If you ask automakers and tech companies why they’re exploring autonomous vehicles, the number one answer is probably “safety.” The theory is it’s safer, in the long run, if you take driving out of human hands. Ironically, safety is the exact reason why the California Department of Motor Vehicles is proposing new rules that could hobble the development of autonomous cars and even ban “driverless” ones outright.

According to Automotive News, the proposed restrictions would require third-party testing and certification for autonomous vehicles; that a licensed driver with a special certification be inside at all times; that carmakers and tech companies get a three-year operating permit while they submit reports to the state on safety; and that all autonomous cars would need a steering wheel and pedals to test on public roads.

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In other words, the California hotbed of autonomous car testing and eventual deployment could get wrapped up in a lot more red tape. Via a statement:

“The primary focus of the deployment regulations is the safety of autonomous vehicles and the safety of the public who will share the road with these vehicles,” said DMV Director Jean Shiomoto. “We want to get public input on these draft regulations before we initiate the formal regulatory rule making process.”

DMV officials said in a statement that the reason for these proposed rules is to help transition automakers and tech companies away from testing and toward eventual production and deployment.

While that testing is already heavily regulated by the DMV, companies fear the new restrictions could delay or torpedo the development of entirely driverless cars, ones with no humans inside or no traditional controls. Or it could, at least, force testing outside of California.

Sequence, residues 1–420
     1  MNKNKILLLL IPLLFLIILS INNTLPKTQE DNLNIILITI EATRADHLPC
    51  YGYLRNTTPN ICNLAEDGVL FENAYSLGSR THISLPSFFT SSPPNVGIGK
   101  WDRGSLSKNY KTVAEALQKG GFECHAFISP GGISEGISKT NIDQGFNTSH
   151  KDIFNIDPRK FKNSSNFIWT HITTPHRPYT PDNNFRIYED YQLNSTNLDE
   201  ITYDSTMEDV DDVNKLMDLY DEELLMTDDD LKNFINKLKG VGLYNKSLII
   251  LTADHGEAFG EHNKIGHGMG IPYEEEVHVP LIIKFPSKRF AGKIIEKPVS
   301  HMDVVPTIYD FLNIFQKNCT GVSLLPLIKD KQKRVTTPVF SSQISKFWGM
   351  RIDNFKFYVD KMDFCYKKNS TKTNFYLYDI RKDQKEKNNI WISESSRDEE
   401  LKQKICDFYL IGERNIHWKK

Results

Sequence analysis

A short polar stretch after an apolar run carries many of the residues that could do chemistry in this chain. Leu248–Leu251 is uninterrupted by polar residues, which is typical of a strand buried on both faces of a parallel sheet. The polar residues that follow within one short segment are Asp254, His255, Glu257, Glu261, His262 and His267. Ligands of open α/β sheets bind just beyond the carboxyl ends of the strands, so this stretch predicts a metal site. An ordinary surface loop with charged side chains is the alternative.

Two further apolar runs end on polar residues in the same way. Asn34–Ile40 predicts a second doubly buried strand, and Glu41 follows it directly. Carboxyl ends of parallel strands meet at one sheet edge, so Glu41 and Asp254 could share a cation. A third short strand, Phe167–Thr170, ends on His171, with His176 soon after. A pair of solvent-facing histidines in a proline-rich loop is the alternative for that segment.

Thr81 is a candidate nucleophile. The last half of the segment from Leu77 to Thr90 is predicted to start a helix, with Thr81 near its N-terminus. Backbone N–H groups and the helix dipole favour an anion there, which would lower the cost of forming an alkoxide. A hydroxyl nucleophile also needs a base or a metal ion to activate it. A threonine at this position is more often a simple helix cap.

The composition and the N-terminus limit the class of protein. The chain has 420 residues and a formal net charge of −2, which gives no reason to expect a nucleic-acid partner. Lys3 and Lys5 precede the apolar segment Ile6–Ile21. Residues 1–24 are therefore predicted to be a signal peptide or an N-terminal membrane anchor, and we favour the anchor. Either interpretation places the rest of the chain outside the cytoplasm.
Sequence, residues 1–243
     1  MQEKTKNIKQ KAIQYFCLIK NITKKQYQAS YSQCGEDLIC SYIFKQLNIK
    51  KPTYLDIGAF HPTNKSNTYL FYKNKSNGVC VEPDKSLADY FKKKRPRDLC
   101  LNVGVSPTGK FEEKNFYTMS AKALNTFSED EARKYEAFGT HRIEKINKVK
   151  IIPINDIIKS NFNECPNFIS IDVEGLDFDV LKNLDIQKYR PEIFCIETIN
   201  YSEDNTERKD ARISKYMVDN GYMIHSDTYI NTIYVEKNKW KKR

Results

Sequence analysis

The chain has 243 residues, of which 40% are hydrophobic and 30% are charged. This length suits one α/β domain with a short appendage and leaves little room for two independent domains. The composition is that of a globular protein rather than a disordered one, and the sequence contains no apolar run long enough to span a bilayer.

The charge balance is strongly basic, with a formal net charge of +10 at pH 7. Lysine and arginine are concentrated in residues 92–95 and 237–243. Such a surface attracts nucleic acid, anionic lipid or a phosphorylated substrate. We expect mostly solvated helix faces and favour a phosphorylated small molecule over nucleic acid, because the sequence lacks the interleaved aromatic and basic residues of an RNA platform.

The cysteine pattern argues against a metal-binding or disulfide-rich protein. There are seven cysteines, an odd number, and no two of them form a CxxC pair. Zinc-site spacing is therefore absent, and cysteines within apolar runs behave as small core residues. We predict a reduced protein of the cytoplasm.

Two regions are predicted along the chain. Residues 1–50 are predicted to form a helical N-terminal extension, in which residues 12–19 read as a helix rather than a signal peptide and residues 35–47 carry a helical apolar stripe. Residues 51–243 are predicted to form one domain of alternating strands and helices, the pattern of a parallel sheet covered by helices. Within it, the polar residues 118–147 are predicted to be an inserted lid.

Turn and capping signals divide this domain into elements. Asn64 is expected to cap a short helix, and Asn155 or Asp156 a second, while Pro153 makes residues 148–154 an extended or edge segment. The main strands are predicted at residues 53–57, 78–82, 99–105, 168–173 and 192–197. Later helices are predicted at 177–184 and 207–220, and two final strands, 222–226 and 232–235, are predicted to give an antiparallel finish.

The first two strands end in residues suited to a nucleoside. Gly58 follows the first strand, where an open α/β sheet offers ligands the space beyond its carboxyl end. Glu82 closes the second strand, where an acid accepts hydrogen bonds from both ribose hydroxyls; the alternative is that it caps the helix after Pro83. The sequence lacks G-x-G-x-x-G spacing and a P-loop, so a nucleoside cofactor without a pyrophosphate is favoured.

Not surprisingly, pushback came from Google, which just today was reported to be setting up its autonomous car division as a standalone company to possibly compete with Uber and Lyft next year. Here’s what Google spokesman Johnny Luu told Silicon Beat:

“In developing vehicles that can take anyone from A to B at the push of a button, we’re hoping to transform mobility for millions of people, whether by reducing the 94 percent of accidents caused by human error or bringing everyday destinations within reach of those who might otherwise be excluded by their inability to drive a car. Safety is our highest priority and primary motivator as we do this. We’re gravely disappointed that California is already writing a ceiling on the potential for fully self-driving cars to help all of us who live here.”

The rules aren’t final yet and DMV officials are seeking public input—we can expect companies like Google, as well as established automakers that test in California like Ford and Tesla, to fight this one hard.

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One way or another, these rules are going to be a big deal in the other 49 states as well. As the AP notes, with California being the largest auto market in the U.S., as well as home to most tech companies, these rules could very well set the precedent for what the rest of the country does.


Contact the author at patrick@jalopnik.com.